Marjorie, who turns 90 this year, loves to tell stories from her decades on the farm. On a drive from Brandon to Tarbolton, Marjorie pointed out at least 20 farms to explain who used to live there, what happened to members of that family and who lives there now.

What she particularly treasures about her 55 years on the farm was the sense of belonging and being part of the community.

“It was never boring. You were so tired when you went to bed,” she said.

“I’m forgetting what I’ve done, but I kept diaries and I’m reading them like a book. My God. Did I ever stay home? There was 4-H, there were bonspiels and there would be meetings and gatherings.”

Her daughter Carol, who lives in Ladner, B.C., said growing up in a community where she knew everybody is something she didn’t appreciate as a child.

“There was a sense of rootedness. As a child, you’re not really aware of that, of course,” she said.

“I take pride in being a prairie person. We have friends from all over, but we always joke: those of us from the Prairies, we’re the tough ones.”

While his siblings moved away from the farm, Reed stayed in Tarbolton and worked with his father. When Edward became too ill to continue farming, Reed and his wife, Kathy, took over the operation.

They ran a cow-calf operation until 2011 and had ostriches in the 1990s. Now it is strictly a grain farm, growing wheat, barley, flax, canola and hemp.

Warren, who returns to visit and help out when he can, said he’s grateful that Reed continues to live in the same house and farm the same land as previous generations of the family.

“If the farm was not part of the family, there would be a big hole in our lives,” Warren said.

“That early formation and sense of what we are is so intricately tied to that farm and that location…. It’s that sense of belonging somewhere. I don’t think you really get that when you are moving to new areas and making new lives. You still have that connection back to your homestead.”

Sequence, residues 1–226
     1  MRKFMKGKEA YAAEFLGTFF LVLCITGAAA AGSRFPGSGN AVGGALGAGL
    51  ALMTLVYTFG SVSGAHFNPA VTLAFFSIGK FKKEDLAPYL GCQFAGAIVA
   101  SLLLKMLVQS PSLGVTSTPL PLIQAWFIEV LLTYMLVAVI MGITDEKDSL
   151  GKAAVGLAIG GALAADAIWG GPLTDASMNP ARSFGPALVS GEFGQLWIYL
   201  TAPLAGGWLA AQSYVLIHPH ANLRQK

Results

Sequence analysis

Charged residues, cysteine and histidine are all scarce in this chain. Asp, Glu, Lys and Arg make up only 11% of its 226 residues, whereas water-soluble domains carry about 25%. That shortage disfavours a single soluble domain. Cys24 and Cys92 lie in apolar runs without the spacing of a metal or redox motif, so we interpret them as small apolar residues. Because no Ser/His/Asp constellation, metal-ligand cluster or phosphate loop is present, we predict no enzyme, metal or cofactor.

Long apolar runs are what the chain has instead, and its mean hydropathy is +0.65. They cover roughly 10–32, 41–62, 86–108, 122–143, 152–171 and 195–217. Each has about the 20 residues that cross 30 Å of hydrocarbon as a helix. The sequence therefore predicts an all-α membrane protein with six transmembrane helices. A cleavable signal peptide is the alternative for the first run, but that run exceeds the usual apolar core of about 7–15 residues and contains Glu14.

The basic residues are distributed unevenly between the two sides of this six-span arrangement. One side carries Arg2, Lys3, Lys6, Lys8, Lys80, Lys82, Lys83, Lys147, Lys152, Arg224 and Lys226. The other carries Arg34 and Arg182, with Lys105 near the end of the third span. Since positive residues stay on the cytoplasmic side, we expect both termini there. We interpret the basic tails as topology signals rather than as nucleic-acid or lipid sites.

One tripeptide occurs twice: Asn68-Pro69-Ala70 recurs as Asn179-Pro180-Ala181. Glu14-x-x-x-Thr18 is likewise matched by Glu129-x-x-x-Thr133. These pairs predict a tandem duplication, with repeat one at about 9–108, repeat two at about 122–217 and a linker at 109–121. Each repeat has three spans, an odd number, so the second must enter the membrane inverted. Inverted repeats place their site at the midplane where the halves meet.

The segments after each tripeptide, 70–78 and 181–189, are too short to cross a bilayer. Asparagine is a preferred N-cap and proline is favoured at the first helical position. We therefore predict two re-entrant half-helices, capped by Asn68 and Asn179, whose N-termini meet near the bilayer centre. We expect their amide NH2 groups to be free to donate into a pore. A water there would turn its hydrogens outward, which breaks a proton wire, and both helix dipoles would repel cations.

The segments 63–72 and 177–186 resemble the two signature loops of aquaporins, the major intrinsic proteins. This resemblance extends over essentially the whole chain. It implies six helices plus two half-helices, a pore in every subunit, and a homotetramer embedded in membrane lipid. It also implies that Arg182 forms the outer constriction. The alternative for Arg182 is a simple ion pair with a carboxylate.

Carol agreed, saying many prairie people from her generation can’t return to their family farm. The homestead may no longer exist or another family may have bought the land.

“I feel very, very lucky that we have that possibility,“ she said.

“It means a lot to me and I’m very happy that our children … and their families are going to be there this summer … to (visit) a place that was important to them as children.”

Reed enjoys the independence and creativity of agriculture, so maintaining the 130-year tradition of his family isn’t a burden.

However, he occasionally thinks about the previous generations who lived on the farm and what will happen when he retires.

“As much as our lifestyle is hectic and busy, we don’t have near the manual hard work they did. Sometimes I think: ‘I’m not going to let the ball drop at my generation,’ ” he said.

“I’ve got two daughters, so who knows, (but) I’d like to see it pass on, at least a quarter of the farm.”

Driving back to Brandon after a couple of hours at the farm, Marjorie shared a few more stories from her life in Tarbolton, including her recollections of ringing the school bell to call the students in from recess.

Although she now lives in a spacious condo in Brandon, she admitted nothing could duplicate what she had in Tarbolton.

“I just loved rural life…. It was the people.”

About the author

explore

Stories from our other publications